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Five Pillars of Emotional Intelligence: The secret of top-performing managers

Thursday, July 26th, 2018

Becoming a great manager is a process that is both tough and delicate. You’re only human, but how you wield your strengths and weaknesses have a profound impact on the team dynamic. It’s true that managing others requires a certain level of intelligence, but the most essential kind is one you may have overlooked: emotional intelligence.

Emotional intelligence is your ability to recognize your own emotions and exercise them in a way that helps your interpersonal relationships, while also practicing empathy to recognize the feelings of others. When this critical ability is lacking, it results in palpable tension and friction between team members and their manager. When put into practice wisely, emotional intelligence can foster transparent communication and a sense of trust between these parties.

If you aspire to inspire, heed these five basic principles of emotional intelligence:

  1. You should generally like people. This doesn’t necessarily mean you have to be an extrovert, or that you have to be friends with everyone you meet, but you should enjoy building relationships with people regardless of their position. Learn how you can help each other, what the other person needs in a manager, and what motivates them to perform their best.
  2. Practice empathy. Before you have a tough discussion or try to pass on criticism with a casual, lighthearted comment, take some time to anticipate how the other party is feeling. Showing compassion and understanding requires you to act in a way that honors their feelings. If you have to deliver news that might make an employee feel defensive or threatened, remind them that they are valuable to your team and make them feel like you are on their side.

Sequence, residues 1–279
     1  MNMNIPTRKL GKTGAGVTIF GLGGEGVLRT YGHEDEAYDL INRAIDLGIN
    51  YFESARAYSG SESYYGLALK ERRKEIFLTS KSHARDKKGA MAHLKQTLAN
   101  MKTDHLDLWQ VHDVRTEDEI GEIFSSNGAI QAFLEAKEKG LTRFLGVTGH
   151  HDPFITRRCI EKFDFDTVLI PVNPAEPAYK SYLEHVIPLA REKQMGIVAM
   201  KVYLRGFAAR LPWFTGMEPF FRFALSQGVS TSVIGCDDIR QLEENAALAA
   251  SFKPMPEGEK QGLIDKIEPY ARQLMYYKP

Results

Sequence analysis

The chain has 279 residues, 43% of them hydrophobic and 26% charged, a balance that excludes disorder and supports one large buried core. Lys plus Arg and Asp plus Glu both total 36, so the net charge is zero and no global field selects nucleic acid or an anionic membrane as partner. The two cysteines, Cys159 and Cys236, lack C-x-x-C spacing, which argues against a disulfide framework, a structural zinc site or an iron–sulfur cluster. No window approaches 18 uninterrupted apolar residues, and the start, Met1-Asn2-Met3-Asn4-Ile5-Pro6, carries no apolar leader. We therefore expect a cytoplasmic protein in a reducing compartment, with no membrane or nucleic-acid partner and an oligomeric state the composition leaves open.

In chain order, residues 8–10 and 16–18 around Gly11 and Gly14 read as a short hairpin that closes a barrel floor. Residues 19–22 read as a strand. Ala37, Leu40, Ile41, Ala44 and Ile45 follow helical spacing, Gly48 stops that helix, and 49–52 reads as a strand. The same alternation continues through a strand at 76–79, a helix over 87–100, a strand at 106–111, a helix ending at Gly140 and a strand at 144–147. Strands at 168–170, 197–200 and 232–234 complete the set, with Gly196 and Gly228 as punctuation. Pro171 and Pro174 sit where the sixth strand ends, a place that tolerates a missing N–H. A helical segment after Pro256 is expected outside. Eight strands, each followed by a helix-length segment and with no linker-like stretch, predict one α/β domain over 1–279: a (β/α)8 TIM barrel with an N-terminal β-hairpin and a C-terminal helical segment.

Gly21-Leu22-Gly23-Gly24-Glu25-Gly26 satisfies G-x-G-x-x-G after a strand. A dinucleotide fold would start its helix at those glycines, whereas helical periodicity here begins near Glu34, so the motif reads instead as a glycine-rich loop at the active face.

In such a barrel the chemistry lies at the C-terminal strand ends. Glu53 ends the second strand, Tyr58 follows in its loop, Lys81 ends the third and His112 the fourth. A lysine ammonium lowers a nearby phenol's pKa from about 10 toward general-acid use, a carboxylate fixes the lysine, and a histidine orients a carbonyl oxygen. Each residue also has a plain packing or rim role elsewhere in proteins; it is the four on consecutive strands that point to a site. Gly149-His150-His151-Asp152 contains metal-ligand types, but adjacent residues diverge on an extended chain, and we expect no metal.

3. Know your strengths and weaknesses. No one is perfect, and while that may seem like a cliché, many managers are tripped up when they view having weaknesses as a weakness. Managers who lack this self-awareness may attempt to present themselves as infallible or beyond reproach, which is not an effective way to cultivate relatability or respect. Maximize your strengths and own up to your weaknesses. Your team is there to support you, not idolize you. Learn how you weaknesses influence the team and involve them in finding the best solution.
  4. Control your emotions. The best managers don’t bottle up their feelings or give them control over the situation. Instead of reacting in the moment, they take time to reflect on the reasons behind their emotions. Set a mature example for your team by practicing restraint, expressing yourself in a respectful manner that doesn’t attack others.
  5. Find internal motivation. If you view problems as something you’re paid to deal with, your time as a manager is going to be difficult. Reset your outlook to find the opportunities in challenges, and the appreciation for your team’s accomplishments. Managers who find themselves mostly motivated by a raise and a title change are less likely to maintain their resilience over time. Take the time to discover what excites you about your goals and challenges; the process of achieving will seem less like work, and you’ll have a greater appreciate for the hard work your team did to get where they are.

Don’t stunt your potential by ignoring the importance of emotional intelligence in management roles. This quiet but powerful skill defines strong, respected leaders. If you’d like to get an idea of your emotional intelligence quotient, take the Harvard Business Review’s quiz at www.hbr.org/2015/06/quiz-yourself-do-you-lead-with-emotional-intelligence.

 

 


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